overtime in SpainControlling the working day is usually a problem for the employer, either because they don´t want their workers to feel controlled, because they don´t know which system to implement or because they are not interested in controlling the overtime in Spain.  It is important that companies keep track of the days worked by their staff, so as to control the hours worked by each employee and have a justification for any legal issue.

One of the outstanding issues in the workplace today is how to control working hours and overtime in Spain, as there is no compulsory legal control system.

Currently, more and more companies are implementing a flexible working day to improve the work environment and the work-life balance of employees, as well as to reduce absenteeism, etc., with the aim of being more competitive, improving productivity and retaining talent.  Although this flexibility is an obvious improvement in working conditions, it presents a disadvantage in that there is no direct control over working and overtime in Spain.

It is very important that companies respect the legislation on working hours and overtime in Spain, as the Labour and Social Security Inspectorate in Spain is intensifying control in this area.

The maximum duration of the working day and its distribution is regulated by the Collective Agreements, always respecting the minimums established in article 34 of the Workers’ Statute.

Factors – overtime in Spain

Companies must take into account, among other factors, a series of details when working overtime is necessary in Spain:

  • Overtime is voluntary for the worker.
  • Overtime must be paid according to that established in the collective agreement, but it can never be less than the price of an ordinary working hour or compensated for with time off.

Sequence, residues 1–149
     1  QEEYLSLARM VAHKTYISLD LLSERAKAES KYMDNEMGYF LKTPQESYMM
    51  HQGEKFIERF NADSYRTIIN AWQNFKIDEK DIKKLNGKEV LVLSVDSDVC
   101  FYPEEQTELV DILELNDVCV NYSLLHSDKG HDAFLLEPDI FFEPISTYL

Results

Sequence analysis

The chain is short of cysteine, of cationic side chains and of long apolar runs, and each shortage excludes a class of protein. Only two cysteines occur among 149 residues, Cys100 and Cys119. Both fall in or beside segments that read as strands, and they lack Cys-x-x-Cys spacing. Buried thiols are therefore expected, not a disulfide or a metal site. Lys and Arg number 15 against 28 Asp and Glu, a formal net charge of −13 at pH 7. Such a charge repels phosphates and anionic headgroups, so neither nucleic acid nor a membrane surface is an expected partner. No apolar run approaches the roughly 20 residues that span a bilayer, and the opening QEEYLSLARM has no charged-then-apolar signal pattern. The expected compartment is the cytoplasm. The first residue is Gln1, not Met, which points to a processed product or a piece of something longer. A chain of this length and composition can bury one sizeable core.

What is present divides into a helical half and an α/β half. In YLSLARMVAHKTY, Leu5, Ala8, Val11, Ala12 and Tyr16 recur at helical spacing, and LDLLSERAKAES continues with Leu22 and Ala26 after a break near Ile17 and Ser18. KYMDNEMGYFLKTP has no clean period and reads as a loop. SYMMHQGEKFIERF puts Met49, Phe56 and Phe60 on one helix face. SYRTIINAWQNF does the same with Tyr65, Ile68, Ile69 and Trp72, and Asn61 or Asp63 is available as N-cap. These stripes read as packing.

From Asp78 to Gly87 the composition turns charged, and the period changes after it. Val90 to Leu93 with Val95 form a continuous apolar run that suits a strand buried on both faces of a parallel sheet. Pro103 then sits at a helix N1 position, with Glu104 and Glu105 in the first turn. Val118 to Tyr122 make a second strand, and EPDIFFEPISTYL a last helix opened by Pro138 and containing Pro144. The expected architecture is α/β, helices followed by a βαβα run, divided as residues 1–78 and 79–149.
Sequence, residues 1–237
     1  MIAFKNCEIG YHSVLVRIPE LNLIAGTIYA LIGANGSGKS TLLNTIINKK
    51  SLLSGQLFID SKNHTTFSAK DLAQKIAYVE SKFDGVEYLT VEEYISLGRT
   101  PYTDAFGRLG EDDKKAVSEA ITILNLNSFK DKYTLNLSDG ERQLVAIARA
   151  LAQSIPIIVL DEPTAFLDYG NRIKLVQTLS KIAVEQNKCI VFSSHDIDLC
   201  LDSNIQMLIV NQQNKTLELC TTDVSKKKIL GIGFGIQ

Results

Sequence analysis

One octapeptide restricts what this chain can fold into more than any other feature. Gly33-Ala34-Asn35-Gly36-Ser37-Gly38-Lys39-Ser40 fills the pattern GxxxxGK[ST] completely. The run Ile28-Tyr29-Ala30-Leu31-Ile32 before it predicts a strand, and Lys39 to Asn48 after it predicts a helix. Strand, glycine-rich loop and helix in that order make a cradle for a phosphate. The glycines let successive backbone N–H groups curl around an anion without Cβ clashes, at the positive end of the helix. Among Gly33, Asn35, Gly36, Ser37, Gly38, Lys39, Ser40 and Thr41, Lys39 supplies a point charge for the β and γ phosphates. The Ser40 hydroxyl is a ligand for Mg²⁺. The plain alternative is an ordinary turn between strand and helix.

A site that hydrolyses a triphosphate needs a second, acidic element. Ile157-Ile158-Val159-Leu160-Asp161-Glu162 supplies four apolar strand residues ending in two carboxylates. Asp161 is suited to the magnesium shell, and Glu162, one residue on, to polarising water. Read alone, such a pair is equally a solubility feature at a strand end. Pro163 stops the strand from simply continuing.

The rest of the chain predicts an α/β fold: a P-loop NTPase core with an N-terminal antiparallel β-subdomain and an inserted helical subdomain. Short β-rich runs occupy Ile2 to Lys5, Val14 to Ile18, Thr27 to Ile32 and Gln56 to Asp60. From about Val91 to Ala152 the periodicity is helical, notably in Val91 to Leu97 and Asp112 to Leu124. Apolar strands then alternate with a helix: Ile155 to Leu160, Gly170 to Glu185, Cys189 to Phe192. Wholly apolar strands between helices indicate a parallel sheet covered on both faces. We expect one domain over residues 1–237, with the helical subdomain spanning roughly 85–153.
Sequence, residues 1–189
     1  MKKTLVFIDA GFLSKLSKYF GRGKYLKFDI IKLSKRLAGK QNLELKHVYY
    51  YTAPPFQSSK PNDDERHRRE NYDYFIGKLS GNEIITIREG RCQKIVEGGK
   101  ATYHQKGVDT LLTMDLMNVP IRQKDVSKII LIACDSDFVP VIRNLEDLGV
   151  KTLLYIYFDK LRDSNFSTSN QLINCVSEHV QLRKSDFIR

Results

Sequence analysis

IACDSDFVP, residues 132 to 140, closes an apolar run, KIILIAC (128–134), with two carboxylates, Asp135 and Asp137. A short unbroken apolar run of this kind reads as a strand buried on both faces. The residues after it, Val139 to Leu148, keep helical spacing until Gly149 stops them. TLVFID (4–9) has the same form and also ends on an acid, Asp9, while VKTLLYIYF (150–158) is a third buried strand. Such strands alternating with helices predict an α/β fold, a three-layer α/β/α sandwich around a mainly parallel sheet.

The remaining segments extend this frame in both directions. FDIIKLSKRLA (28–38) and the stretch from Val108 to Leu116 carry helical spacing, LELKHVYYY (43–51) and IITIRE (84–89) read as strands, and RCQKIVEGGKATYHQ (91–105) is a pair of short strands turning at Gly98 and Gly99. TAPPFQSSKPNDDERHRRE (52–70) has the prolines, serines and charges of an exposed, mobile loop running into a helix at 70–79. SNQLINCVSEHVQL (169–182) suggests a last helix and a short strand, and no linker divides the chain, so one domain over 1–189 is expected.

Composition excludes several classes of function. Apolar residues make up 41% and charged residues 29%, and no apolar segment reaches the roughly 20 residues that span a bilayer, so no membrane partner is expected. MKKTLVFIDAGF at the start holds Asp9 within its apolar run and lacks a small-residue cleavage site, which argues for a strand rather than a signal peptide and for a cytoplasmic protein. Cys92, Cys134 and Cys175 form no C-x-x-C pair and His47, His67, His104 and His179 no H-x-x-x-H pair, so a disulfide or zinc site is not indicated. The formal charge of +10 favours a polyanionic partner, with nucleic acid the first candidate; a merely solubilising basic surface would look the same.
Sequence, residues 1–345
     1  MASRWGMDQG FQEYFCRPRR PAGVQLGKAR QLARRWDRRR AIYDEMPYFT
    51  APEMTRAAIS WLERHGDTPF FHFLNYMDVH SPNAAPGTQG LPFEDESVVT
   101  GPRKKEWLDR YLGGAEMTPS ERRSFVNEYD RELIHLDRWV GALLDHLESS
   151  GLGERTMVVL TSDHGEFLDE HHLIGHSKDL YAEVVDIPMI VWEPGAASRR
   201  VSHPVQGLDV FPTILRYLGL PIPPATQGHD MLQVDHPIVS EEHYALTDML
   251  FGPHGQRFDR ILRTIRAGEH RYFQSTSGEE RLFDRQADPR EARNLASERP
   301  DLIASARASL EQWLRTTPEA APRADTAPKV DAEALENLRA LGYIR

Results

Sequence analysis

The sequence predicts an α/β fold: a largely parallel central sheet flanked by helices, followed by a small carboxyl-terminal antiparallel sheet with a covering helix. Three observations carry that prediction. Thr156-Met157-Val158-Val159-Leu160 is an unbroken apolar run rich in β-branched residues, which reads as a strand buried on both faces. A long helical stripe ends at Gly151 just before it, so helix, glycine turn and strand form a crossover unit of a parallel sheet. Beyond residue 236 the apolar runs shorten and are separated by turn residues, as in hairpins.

• The number of overtime hours may not exceed eighty a year if the employer decides to pay for them, and overtime hours are not counted as compensated for by time off within the following four months.

The law regarding the overtime in Spain

Overtime is regulated in article 35.5 of the Workers’ Statute:

“For the purposes of calculating overtime, each worker’s day shall be recorded daily and shall be totalled in the period fixed for the payment of the remuneration. Furthermore, a copy of the summary shall be delivered to the worker in the corresponding invoice.”

The question we ask ourselves is: do companies have to make a daily record of all working hours, or only overtime?

The Supreme Court, in its judgement of 23 March, 2017, (Supreme Court Ruling 246/2017), regulates that it is only necessary to have a record of the working day when overtime in Spain is performed.

For the labour inspectorate, a record of the working day is still a possible means of proof, although for the time being they will not be able to demand such control from employers. This is only temporary because among one of the main legislative reforms for the year 2018 we must consider the proposal of the Law of the Congress of Deputies, in which the revised text of the Workers’ Statute Law is approved. This has been amended to include the obligation of keeping a daily record of the clock in and clock out times of each worker.

On the other hand, it must be kept in mind that workers with part-time contracts cannot work overtime, except in order to prevent or rectify accidents or in cases of extraordinary or urgent damages.

These employees can work extra hours, but these can never exceed 30% of the ordinary workday and must be agreed in advance by the company and the worker.

For this type of worker, the Law does require a daily control of the working day.

As we are dealing with a sensitive issue, which is difficult to control and subject to numerous Government debates, the best option is for companies to keep a record of the clock in and clock out times of all employees.


In summary, since there is no compulsory legal control system, the best solution for businesses is for each company to implement the system that best suits their needs, is simple to control the overtime in Spain and does not entail an administrative burden for the company or for the employee.

Soledad Moriche

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